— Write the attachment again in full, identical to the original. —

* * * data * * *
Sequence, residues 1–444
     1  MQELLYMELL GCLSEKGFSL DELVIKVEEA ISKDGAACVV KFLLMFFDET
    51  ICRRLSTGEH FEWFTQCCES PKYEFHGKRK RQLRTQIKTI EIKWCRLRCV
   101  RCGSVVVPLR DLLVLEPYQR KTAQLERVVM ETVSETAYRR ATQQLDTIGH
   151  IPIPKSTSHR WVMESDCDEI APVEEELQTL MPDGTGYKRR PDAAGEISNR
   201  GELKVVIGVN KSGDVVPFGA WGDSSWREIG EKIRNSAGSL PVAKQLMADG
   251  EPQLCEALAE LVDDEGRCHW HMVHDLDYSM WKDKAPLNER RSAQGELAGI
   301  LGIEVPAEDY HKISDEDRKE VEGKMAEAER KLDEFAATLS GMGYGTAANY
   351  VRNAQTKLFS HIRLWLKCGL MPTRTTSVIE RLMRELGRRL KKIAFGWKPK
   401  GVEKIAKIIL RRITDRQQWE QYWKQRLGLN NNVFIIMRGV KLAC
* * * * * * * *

Sequence, residues 1–444
     1  MQELLYMELL GCLSEKGFSL DELVIKVEEA ISKDGAACVV KFLLMFFDET
    51  ICRRLSTGEH FEWFTQCCES PKYEFHGKRK RQLRTQIKTI EIKWCRLRCV
   101  RCGSVVVPLR DLLVLEPYQR KTAQLERVVM ETVSETAYRR ATQQLDTIGH
   151  IPIPKSTSHR WVMESDCDEI APVEEELQTL MPDGTGYKRR PDAAGEISNR
   201  GELKVVIGVN KSGDVVPFGA WGDSSWREIG EKIRNSAGSL PVAKQLMADG
   251  EPQLCEALAE LVDDEGRCHW HMVHDLDYSM WKDKAPLNER RSAQGELAGI
   301  LGIEVPAEDY HKISDEDRKE VEGKMAEAER KLDEFAATLS GMGYGTAANY
   351  VRNAQTKLFS HIRLWLKCGL MPTRTTSVIE RLMRELGRRL KKIAFGWKPK
   401  GVEKIAKIIL RRITDRQQWE QYWKQRLGLN NNVFIIMRGV KLAC